Statement on Opportunity Zones

Jay Clayton is Chairman of the U.S. Securities and Exchange Commission. This post is based on Chairman Clayton’s recent public statement, available here. The views expressed in this post are those of Mr. Clayton and do not necessarily reflect those of the Securities and Exchange Commission or its staff.

Today [July 15, 2019], together with our regulatory colleagues at the North American Securities Administrators Association (NASAA), our staff issued a statement explaining the potential application of state and federal securities laws to fundraising for Opportunity Zones. Separately, our staff also provided guidance regarding the ability of Main Street investors to participate in these offerings. Our staff, and our state colleagues, have my deep appreciation for their proactive and cooperative approach to this matter.

The Opportunity Zone staff statement and guidance demonstrate that Main Street investors can invest in their communities in a manner that is compliant with our securities laws. Opportunity Zones provide a community-specific incentive for long-term investment. There are well established paths for institutional investors and high net worth individuals to invest in these projects. The path for Main Street investors and, in particular those who live in the Opportunity Zone itself, to invest in these projects is often more complex and could cause those raising funds to exclude, or significantly restrict participation by, Main Street investors. I believe we should actively explore whether this complexity can be reduced in order to foster greater access to certain Opportunity Zone investments by Main Street investors, particularly those who live in or near the Opportunity Zone.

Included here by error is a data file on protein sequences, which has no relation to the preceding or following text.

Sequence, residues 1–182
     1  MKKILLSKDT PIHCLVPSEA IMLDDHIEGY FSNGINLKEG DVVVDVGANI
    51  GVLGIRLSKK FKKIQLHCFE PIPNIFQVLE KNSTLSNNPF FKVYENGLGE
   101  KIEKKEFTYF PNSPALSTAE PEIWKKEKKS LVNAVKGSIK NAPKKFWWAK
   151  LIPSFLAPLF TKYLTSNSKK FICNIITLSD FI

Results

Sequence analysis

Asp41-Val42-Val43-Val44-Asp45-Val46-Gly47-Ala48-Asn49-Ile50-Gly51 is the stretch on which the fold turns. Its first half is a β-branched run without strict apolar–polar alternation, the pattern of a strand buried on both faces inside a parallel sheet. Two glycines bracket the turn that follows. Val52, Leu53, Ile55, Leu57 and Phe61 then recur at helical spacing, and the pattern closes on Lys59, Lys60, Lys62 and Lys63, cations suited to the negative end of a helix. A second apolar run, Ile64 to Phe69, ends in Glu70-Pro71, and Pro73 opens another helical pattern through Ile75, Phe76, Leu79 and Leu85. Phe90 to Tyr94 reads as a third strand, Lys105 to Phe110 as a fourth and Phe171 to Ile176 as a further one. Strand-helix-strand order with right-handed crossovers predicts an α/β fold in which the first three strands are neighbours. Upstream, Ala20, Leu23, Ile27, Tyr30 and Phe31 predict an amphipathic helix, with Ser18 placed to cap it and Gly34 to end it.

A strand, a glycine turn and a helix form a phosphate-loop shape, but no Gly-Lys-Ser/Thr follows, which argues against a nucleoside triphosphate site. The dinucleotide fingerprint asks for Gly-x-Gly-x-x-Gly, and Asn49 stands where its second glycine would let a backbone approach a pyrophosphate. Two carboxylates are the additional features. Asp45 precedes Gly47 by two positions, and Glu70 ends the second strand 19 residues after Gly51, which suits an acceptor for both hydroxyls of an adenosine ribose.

Recently, we issued a comprehensive concept release regarding our regulation of private securities offerings. One of the key issues on which we are soliciting public comment is whether we can increase access to private securities offerings for Main Street investors, either directly or through funds or other intermediaries, while maintaining appropriate investor protections.

As we consider how best to approach the issues raised in the concept release, a specific question I have is whether we can make changes to our rules to provide a simplified path to allow individuals who live in or near the Opportunity Zone to invest in the project on a basis that provides appropriate investor protection. For example, if we had an exemption where the investment opportunity is limited to residents of the Opportunity Zone or adjacent zip codes within the same state in a manner similar to our intrastate exemption from Section 5 provided by Rule 147A, maximum investment size is scaled to reflect the individual’s circumstances in a manner similar to the Regulation Crowdfunding rules, and the terms of the investment ensure an alignment of economic interest with institutional or high net worth investors in the project, can some of the complexities associated with traditional private placements be eliminated without a reduction in investor protection?

As noted above, Opportunity Zones can provide a way for Main Street investors to invest in local communities. When considering these investments, it will be important for Main Street investors to understand the potential risks and benefits, including whether or not they will be able to take advantage of any tax benefits typically associated with Opportunity Zone projects.

Our Office of Small Business Policy in our Division of Corporation Finance and the SEC’s Office of the Advocate for Small Business Capital Formation stand ready to work with community groups, bar associations, project sponsors and others who would like to explore these issues in practice.

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